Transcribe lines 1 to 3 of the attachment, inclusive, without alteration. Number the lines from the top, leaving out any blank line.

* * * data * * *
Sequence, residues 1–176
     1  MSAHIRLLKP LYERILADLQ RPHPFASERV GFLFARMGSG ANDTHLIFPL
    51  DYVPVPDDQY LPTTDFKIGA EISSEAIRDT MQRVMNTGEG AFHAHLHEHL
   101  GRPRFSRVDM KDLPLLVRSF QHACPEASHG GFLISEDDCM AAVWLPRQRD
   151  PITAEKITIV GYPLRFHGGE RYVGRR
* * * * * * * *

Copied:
Sequence, residues 1–176
     1  MSAHIRLLKP LYERILADLQ RPHPFASERV GFLFARMGSG ANDTHLIFPL
    51  DYVPVPDDQY LPTTDFKIGA EISSEAIRDT MQRVMNTGEG AFHAHLHEHL